Facts & Allegations: At approximately 11:15 a.m. on Dec. 11, 2001, plaintiff Charles M., 38, a steamfitter, was installing a sprinkler system at the Metropolitan Museum of Art in New York. M. was standing on a 10-foot, 2-inch x 10-inch plank, which he had placed across a series of retaining walls, when he slipped. He fell approximately 5.5 feet and landed in a ditch.
M. sued the owner of the museum, the city of New York; the work site’s general contractor, R.C. Dolner LLC; and the company’s subsidiaries, R.C. Dolner Inc. and R.C. Dolner Construction. The city of New York was indemnified by R.C. Dolner, pursuant to the terms of the contract between the parties.
M. claimed that the defendants violated Labor Law §§ 240(1) and 241( 6). He contended that he requested scaffolding from R.C. Dolner Construction and was denied. M. claimed that a scaffold was required by law, and that the lack of scaffolding created an unsafe work environment. As a result, he was forced to use the plank.
The city and R.C. Dolner filed a third-party action against M.’s employer, Real Automatic Sprinkler Co. Real Automatic defaulted because it had no insurance coverage; its broker had purchased the wrong insurance policy.
The accident was unwitnessed. M.’s co-worker, his father, testified that he saw his son on the ground after the fall.
At the conclusion of the defendants’ case, Judge Marilyn Shafer granted a directed verdict on M.’s Labor Law § 240(1) claim. His Labor Law § 241(6) claim was put before the jury.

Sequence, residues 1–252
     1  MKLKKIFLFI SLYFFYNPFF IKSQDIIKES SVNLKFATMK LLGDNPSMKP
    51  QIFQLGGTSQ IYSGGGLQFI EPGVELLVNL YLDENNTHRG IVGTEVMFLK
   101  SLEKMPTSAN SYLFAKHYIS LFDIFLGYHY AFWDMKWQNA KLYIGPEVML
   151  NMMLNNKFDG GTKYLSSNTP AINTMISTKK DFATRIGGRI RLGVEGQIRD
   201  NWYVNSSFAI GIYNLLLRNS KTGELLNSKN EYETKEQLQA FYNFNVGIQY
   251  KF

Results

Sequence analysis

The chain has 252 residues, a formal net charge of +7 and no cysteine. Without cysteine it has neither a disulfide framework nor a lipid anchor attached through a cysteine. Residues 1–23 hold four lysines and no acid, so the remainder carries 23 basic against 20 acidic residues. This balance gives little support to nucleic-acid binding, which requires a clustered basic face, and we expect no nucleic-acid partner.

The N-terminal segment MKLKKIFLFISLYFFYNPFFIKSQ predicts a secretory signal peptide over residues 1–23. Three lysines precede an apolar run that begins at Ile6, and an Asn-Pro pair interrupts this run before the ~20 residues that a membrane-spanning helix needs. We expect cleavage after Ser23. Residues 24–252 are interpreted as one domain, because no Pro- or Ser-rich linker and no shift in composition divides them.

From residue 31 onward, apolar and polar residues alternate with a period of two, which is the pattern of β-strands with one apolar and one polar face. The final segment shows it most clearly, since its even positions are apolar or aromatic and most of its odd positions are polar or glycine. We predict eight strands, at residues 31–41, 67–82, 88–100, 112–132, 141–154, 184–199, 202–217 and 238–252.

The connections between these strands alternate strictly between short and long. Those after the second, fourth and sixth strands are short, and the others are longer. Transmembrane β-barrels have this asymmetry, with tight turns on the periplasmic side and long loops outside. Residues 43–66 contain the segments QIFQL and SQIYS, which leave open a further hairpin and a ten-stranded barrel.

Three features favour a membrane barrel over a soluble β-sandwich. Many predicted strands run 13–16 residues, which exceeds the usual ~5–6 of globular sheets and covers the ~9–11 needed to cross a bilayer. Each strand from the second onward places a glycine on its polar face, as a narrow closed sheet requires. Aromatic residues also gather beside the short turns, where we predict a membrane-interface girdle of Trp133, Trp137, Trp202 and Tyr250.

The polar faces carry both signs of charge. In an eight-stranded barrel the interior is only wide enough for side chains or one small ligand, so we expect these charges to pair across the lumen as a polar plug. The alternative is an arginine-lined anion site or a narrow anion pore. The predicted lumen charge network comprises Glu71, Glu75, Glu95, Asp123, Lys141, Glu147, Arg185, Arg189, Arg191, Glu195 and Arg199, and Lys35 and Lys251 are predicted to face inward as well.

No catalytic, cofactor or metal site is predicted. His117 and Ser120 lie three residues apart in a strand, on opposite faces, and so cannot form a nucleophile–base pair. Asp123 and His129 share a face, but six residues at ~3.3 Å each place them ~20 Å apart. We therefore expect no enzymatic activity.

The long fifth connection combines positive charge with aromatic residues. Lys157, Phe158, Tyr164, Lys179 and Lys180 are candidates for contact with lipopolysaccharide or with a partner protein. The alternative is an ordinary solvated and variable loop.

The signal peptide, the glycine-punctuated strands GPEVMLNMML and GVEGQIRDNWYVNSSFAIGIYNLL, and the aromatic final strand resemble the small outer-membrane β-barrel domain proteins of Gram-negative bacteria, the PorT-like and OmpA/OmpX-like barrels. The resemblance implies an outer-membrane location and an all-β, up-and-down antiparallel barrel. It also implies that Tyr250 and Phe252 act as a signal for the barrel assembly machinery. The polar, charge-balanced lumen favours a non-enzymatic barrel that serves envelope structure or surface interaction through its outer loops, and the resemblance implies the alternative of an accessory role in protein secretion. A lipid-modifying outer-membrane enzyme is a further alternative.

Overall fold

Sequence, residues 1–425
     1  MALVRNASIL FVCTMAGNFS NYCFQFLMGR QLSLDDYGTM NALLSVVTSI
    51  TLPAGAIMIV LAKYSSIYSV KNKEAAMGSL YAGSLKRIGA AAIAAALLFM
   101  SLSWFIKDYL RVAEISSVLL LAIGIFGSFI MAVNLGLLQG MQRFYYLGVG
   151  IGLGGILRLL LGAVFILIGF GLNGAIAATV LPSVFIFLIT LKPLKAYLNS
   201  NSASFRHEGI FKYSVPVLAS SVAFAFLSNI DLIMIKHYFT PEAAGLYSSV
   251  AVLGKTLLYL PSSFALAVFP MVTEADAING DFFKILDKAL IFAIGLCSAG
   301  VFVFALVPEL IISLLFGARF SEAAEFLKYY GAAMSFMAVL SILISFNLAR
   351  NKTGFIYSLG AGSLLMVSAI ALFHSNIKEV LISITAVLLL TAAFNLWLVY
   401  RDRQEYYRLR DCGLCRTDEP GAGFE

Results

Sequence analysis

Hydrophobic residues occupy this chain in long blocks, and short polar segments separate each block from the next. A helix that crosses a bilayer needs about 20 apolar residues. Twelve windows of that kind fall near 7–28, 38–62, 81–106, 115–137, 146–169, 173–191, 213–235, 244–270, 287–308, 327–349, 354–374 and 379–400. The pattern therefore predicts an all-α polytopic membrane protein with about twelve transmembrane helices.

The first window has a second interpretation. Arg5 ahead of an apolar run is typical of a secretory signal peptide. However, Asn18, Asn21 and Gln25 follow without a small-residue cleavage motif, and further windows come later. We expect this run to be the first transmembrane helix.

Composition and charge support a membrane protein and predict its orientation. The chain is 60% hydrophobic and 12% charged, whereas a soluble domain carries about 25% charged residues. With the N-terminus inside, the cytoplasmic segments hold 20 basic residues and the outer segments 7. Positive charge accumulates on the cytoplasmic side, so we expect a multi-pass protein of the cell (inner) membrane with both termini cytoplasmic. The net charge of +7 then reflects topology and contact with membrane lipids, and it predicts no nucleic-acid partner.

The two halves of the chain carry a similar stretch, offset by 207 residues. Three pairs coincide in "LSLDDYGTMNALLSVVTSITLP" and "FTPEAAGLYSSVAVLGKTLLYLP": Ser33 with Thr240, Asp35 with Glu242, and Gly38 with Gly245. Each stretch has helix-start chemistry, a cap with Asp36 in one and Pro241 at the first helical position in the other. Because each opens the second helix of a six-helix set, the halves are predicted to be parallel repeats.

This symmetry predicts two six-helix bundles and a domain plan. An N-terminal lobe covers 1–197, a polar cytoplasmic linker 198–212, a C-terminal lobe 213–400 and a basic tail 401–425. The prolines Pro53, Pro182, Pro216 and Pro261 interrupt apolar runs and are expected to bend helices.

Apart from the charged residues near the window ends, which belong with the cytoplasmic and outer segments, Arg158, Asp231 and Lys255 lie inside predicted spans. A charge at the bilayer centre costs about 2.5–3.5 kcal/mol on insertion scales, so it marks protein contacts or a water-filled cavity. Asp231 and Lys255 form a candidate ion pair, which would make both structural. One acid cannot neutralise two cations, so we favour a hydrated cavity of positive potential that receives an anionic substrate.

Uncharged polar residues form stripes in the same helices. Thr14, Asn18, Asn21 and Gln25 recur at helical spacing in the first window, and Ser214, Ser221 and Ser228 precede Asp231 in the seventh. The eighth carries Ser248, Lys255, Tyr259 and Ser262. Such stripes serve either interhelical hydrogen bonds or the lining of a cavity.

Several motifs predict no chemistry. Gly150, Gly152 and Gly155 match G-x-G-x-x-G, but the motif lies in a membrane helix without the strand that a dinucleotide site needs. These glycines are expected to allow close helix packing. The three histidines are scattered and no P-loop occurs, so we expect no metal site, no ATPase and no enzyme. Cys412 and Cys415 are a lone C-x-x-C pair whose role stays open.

Injuries/Damages: Ankle, sprain; fracture, ankle; loss of services
M. presented to his orthopedist, and an X-ray revealed a questionable chip fracture of his right ankle. He also claimed to have sustained sprains of both ankles. M.’s expert orthopedist testified that M. had extensive cartilage and ligament damage, and that the damage was causally related to the accident. He testified that M. did have a chip fracture of the right ankle, and that he is a candidate for ankle-fusion surgery. He opined that M. can no longer work as a steamfitter, and that he has permanent limitations.
M.’s expert economist estimated that M.’s past and future lost earnings and benefits would total $2.5 million. M.’s wife, Christine, presented a loss-of-services claim.
The defendants claimed that M.’s injuries were pre-existing and degenerative in nature. They claimed that the injuries stemmed from M.’s weight (275 pounds), a previous ankle fracture and his steamfitter work, and that the injuries were not related to the fall.
The defendants’ expert radiologist testified that X-rays performed on the day of the accident showed extreme, pre- existing degenerative arthritis with osteophytes. He opined that the condition was not related to the fall. The defendants’ expert orthopedist testified that M.’s ankle condition was related to his weight and an ankle fracture that occurred when M. was 17. The defendants’ vocational-rehabilitation expert acknowledged that M. could no longer work as a steamfitter. However, she testified that M. could eventually earn a yearly $90,000 salary as a computer operator with management responsibility.
Result: The parties reached a $1 million cash settlement prior to summations. R.C. Dolner contributed $500,000,
Real Automatic contributed $ 250,000 and Real Automatic’s insurance broker contributed $250,000 after conceding it was negligent for purchasing the wrong insurance policy for the company. The city of New York did not contribute to the settlement.
Demand: $2,500,000 (prior to trial)
Offer: $250,000 (prior to trial)
Insurer(s): The St. Paul Companies Inc. for R.C. Dolner, R.C. Dolner Construction, R.C. Dolner Inc. and R.C.
Plaintiff Expert(s) Dr. John Feder, orthopedics, Rockville Centre, NY (treating surgeon)
Dr. Edmund Provder, vocational rehabilitation, New York, NY
Dr. Steven Pinsky , pain management, Rockville Centre, NY
Leonard R. Freifelder, economic analysis, New York, NY
John Cannizarro, engineering, New York, NY
Defense Expert(s) Joyce Mesch-Spinello, Ph.D., vocational rehabilitation, New York, NY